Water: In my Land Cruiser manual, Toyota recommends adding lithium grease to the driveshaft u-joints and slip joints no later than 24 hours after water crossings. While that may sound extreme it’s good practice to grease anything you can grease when you get home from a trip with a lot of water. This is especially true for open knuckle joints like solid front axle Jeeps. Water contamination will reduce the lubricating properties of grease and add years of wear in a very short time. If your trip is especially wet, be sure to inspect steering knuckles, differential and transfer case oil and transmission fluids and gear oils. 

All vehicles have breathers on these components to allow for temperature extremes which could damage or dislodge seals if left uncheck. When a hot differential hits cold water, the pressure inside the differential drops rapidly and creates a strong vacuum to fill the sudden change in volume. Breathers have check valves that prevent water ingress but water can still come in through the breather or even be pulled in through seals as the breather closes and prevents the vacuum from equalizing in the housing. A good investment for any overlander should include breather extensions to avoid these problems but even with breather extension water ingress is possible.  

Salt Water: It should go without saying that if you are driving near salt water that a thorough fresh water wash should accompany each trip. Remember that many snow belt states also salt their roads and the same washdown should apply.

Sand: If you’ve been traveling in heavy sand be sure to clean your brakes well and check your engine air filter.  Dust can foul an air filter in a single trip and a trapped coarse grain of sand can score your rotors.

GREASES, OILS AND FLUIDS

Easily one of the stickiest debates on any car forums is “what ____ fluid is best”. I won’t even get into that here but to say that you should follow your manufacturer's recommendations for grade and specification. Avoid mixing fluid types and brands if possible, especially as it relates to coolant as there are complex chemistries that are often very incompatible and could cause serious problems.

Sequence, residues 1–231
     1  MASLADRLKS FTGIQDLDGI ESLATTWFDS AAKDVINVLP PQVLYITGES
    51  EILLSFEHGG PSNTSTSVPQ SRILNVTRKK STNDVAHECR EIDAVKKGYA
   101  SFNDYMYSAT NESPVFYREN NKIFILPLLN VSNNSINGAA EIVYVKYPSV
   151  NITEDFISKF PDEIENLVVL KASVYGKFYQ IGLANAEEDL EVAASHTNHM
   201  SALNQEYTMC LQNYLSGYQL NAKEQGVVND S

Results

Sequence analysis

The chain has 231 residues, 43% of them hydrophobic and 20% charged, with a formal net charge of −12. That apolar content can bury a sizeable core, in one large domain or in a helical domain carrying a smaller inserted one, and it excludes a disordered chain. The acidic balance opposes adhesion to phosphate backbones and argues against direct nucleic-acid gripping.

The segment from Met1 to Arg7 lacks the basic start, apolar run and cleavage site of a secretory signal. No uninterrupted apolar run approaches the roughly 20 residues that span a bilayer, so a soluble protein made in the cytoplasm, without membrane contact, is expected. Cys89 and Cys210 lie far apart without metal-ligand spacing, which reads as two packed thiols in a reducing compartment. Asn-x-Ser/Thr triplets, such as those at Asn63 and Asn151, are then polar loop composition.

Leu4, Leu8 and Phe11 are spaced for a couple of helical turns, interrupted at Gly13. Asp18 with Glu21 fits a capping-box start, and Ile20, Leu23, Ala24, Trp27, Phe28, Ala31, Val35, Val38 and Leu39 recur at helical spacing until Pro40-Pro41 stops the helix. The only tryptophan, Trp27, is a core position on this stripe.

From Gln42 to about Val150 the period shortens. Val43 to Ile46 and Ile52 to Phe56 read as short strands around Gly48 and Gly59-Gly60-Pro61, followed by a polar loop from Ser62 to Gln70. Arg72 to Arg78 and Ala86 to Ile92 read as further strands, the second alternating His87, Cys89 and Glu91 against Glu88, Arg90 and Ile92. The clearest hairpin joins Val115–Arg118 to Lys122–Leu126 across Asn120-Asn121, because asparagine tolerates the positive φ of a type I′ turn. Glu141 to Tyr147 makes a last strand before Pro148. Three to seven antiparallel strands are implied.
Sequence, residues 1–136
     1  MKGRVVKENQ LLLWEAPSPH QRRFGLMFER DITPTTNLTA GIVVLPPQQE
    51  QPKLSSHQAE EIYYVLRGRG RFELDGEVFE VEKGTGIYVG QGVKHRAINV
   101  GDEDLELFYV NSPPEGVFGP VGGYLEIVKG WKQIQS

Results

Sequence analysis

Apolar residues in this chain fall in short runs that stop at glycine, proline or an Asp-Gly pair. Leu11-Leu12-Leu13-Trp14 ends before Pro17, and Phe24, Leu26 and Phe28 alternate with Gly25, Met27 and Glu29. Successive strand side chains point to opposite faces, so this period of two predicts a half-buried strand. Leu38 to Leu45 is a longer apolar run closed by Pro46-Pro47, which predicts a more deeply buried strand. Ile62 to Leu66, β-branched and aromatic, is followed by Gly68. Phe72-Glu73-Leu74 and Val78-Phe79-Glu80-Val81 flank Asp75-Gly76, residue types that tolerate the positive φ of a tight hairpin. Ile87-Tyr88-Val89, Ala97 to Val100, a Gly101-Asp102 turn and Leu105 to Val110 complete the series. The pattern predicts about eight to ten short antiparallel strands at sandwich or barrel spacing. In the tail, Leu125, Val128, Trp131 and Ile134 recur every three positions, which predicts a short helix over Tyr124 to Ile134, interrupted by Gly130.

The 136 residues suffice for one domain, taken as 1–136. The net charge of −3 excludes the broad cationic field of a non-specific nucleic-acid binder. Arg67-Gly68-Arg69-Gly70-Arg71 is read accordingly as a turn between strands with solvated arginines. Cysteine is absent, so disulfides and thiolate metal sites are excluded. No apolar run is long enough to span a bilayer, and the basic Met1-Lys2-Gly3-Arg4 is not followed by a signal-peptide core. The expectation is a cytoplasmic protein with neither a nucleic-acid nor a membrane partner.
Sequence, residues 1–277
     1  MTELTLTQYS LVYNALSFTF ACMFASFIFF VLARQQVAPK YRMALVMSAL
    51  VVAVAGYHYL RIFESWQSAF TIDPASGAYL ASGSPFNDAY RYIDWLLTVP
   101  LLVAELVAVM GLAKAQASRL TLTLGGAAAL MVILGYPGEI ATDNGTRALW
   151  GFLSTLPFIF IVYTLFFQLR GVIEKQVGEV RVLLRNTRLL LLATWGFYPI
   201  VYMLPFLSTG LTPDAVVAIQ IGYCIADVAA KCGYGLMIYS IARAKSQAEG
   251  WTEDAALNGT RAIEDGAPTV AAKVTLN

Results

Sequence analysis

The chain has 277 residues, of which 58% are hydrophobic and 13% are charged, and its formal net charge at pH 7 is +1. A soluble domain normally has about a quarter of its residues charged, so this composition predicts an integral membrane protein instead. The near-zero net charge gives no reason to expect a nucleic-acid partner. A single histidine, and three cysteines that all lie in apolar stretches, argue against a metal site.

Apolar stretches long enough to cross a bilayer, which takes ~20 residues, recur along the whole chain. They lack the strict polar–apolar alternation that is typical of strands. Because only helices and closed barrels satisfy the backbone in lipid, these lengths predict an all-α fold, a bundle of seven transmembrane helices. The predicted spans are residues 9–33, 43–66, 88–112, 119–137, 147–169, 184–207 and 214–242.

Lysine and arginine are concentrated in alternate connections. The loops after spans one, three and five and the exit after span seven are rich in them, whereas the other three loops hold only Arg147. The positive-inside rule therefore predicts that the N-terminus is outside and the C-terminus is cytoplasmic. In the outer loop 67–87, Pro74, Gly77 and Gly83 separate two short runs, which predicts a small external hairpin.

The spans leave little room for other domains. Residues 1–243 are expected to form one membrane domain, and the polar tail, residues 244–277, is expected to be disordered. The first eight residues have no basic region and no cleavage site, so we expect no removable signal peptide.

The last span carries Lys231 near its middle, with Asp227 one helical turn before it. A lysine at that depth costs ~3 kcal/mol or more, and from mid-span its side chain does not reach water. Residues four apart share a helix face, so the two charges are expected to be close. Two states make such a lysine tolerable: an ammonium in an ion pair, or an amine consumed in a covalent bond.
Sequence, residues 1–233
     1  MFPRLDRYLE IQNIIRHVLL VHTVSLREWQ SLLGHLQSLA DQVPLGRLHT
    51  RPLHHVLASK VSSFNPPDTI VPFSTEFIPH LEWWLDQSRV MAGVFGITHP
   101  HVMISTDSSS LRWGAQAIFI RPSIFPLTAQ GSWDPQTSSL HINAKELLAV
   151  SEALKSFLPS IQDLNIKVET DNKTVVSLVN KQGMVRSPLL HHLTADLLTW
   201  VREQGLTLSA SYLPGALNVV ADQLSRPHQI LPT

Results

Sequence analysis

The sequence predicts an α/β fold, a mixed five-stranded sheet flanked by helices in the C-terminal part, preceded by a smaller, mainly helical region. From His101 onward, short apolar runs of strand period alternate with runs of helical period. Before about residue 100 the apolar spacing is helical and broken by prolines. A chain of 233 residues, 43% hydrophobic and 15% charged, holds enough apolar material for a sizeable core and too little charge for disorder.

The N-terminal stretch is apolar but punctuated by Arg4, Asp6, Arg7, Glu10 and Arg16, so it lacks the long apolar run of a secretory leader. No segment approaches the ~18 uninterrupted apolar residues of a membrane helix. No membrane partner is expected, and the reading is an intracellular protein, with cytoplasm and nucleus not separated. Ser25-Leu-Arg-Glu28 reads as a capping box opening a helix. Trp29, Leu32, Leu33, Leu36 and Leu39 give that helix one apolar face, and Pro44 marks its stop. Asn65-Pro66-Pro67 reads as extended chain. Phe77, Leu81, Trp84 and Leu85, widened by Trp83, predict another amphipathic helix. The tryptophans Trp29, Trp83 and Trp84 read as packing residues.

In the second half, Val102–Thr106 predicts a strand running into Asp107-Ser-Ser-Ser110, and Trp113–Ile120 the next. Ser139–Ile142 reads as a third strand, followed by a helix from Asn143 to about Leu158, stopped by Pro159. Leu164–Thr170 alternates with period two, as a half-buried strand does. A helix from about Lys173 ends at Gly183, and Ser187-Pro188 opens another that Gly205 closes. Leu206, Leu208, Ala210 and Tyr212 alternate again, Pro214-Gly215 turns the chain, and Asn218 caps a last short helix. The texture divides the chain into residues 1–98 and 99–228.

A reminder also that no matter what some internet forum or mechanic tells you, in the US, a manufacturer cannot void your warranty if you use a fluid that isn’t branded by your make or model SO LONG AS THE FLUID YOU USE MEETS THE EXACT SPEC OF THE MANUFACTURE FOR YOUR MAKE AND MODEL. The Magnuson-Moss warranty act specifically prevents this, so long as whatever fluid you are using conforms to the manufactures specs, which may be very specialized - example VW 501 14 brake fluid which is also FMVSS 116 DOT 4.  So long as you use FMVSS 116 DOT 4 of any brand in a VW that calls for 501 14, VW cannot legally void your warranty.  

NOTES FOR OLD VEHICLES

330,000 miles and feeling fresh

If you are driving a 20+ year old vehicle like I am you may have additional considerations for long term reliability.  

If you have an old vehicle and are unsure of the previous owner’s maintenance, a good first step is to “baseline” the vehicle by replacing all fluids and having an inspection done on wear components like joints and brakes.  

Plastic tank radiators should be replaced every 15-20 years regardless of mileage. Water pumps should be replaced no less than every 150,000 miles.  Starters and alternators can typically be re-brushed and should be done every 150,000 miles. PCV valves should be replaced every 60,000 miles or less.  Rubber bushings should be inspected annually including engine, transmission and transfer case mounts.  

LONG-TERM STORAGE

If your overland vehicle isn’t driven regularly or stored seasonally, you need to take care to store it with a battery tender on to keep charge on the battery and keep volatile computer memory active. Check on battery electrolyte levels every 6 months to make sure the water level hasn’t dropped. You should always store it with the tank full of fuel, preferably without any blend of ethanol or with the addition of a fuel stabilizer made for blended fuel. If you plan to store it for 6 months or more you may consider taking some of the weight off the vehicle with jacks to reduce flat spotting the tires and loading the bearings though this is generally only for very long term storage. Be sure to clean your vehicle inside and out for food traces to avoid attracting rodents. Some recommend cedar wood or peppermint oil to deter pests.  

CONCLUSION

Did I miss anything? What are your tips for keeping your overlander running like a dream?


2 Responses

Mark Compton
Mark Compton

September 05, 2021

Thanks for the great article. I’m soon running fast up to my last “under warranty” full service inspection and fluid changes for my 2020 T4R. Always have done my own maintenance but these newer rigs are a bit more mechanically special; actually looking forward to working more under the hood on mine and not just working the build aspect of it all. I love the adventures; but I also want my rig to last!

Kauri Jacob
Kauri Jacob

September 05, 2021

Thank you for this article!! I previously had not heard of the PCV valve, and it looks like something I should be keeping an eye on for my older vehicle.